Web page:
In this podcast, Ariel shares her story and is joined by Marc Stickdorn who offers his insights on how service design can be done on such a massive scale. Marc is the CEO and co-founder of More Than Metrics and author of the book Service Design Thinking. He will also be teaching a daylong workshop at the UI22 conference in Boston this November 13–15.

Fully Understand the Issues to Solve

Goal Challenges and Tool Challenges

Jared Spool

August 25th, 2017

In today’s article, I discuss how to design for two types of challenges.  If users are distracted by controlling the interface, they can’t pay attention to the thing they came to do.

Here’s an excerpt from the article:

Two Dots’ designers also needed to put in tools to control the play of the game, such as changing levels, turning off the sound or music, and adjusting colors for color blind players. These tools must be easy to find and use, not a challenge like the game play itself.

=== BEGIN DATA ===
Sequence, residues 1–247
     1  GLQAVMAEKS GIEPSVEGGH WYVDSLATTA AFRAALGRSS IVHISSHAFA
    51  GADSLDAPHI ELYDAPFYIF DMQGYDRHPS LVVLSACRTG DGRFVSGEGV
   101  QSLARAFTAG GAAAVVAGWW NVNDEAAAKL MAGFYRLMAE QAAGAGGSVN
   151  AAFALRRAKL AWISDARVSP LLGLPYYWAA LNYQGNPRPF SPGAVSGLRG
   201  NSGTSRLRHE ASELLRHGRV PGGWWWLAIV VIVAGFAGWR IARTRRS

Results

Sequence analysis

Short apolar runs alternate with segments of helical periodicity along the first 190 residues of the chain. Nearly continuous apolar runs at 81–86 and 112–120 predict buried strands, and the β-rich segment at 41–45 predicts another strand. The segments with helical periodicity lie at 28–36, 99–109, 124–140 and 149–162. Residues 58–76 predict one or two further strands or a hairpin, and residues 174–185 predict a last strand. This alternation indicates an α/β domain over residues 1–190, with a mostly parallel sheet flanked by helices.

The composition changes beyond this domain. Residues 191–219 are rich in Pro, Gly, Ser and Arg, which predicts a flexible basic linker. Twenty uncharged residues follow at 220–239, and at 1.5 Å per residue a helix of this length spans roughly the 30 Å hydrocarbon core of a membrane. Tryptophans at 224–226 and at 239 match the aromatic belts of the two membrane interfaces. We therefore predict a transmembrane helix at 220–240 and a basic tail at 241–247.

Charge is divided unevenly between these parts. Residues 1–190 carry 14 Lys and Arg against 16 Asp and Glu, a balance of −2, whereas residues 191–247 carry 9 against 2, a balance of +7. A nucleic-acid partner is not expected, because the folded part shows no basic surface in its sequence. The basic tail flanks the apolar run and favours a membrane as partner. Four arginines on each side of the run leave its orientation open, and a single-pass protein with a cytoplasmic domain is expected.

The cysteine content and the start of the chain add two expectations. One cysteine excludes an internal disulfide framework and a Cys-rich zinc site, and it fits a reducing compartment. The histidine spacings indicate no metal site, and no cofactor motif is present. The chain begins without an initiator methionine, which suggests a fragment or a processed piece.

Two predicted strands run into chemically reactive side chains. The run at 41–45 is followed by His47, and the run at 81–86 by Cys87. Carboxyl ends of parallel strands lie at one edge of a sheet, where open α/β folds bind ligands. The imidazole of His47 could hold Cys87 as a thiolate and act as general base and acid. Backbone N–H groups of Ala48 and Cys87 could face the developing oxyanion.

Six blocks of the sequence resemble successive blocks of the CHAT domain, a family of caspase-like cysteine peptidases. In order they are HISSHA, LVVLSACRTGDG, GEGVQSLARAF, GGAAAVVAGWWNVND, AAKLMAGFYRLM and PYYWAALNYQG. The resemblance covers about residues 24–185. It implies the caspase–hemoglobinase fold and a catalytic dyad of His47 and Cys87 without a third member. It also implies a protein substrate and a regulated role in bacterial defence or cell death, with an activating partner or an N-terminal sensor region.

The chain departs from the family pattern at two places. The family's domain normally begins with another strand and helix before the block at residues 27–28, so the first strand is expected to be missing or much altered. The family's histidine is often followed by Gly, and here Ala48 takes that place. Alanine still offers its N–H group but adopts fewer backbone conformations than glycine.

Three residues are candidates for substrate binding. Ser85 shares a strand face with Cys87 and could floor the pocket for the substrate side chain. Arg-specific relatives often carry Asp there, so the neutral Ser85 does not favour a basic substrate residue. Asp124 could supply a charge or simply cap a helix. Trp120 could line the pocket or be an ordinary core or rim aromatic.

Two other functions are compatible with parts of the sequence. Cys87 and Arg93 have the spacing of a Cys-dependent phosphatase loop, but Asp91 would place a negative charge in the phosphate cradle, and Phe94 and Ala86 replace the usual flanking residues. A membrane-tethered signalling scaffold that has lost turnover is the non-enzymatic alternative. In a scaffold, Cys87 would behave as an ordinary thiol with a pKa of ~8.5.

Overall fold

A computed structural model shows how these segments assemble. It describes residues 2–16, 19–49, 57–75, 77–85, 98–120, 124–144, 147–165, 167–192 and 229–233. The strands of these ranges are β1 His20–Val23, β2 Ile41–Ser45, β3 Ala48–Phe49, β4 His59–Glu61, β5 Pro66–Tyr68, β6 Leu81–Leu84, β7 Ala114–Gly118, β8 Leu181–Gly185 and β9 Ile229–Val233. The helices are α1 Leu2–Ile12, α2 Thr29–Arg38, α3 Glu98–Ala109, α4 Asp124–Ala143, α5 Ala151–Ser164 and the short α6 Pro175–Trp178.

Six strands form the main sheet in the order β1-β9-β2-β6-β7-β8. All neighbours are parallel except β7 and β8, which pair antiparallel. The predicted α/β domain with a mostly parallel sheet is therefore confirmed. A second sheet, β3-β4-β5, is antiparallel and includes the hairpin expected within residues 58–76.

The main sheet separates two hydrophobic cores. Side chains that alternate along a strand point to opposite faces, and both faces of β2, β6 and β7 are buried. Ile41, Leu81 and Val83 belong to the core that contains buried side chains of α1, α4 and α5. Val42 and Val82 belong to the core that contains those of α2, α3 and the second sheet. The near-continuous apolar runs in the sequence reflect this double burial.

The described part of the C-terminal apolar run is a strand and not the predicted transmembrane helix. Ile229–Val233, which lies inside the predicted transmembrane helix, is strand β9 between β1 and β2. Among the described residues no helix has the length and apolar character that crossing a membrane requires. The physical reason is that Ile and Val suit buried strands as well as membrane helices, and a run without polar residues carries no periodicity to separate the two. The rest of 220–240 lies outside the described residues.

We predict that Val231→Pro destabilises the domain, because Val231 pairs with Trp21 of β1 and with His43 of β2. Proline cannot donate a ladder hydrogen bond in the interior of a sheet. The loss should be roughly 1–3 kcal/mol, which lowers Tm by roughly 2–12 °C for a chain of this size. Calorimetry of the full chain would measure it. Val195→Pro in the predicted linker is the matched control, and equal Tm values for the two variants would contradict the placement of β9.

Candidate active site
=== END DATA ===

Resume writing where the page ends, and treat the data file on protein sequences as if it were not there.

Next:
Game designers are experts at ensuring goal challenges remain in the users’ focus, while ensuring that tool challenges are minimized or eliminated. By studying how the best game designers have made these trade-offs, we can learn how to improve the productivity tools we’re designing.

Read the article Goal Challenges and Tool Challenges

What are your thoughts on goal and tool challenges? Tell us about it below.

Designing the Customer Experience

Jared Spool

August 24th, 2017

Designing the Customer Experience

Our understanding of customers—their behaviors and needs—has grown more sophisticated, because the experiences we design demand it. Our customers routinely dip in and out of contact with our products, both offline and online. They reach across channels to contact us, to share their experiences. They fall short of converting at points along their journey. What triggers these behaviors and why? It is in those unexpected moments that we fail the customer. As designers and digital professionals, we work as detectives, sifting through data, both qualitative and quantitative, to understand, define, and create the ideal experience.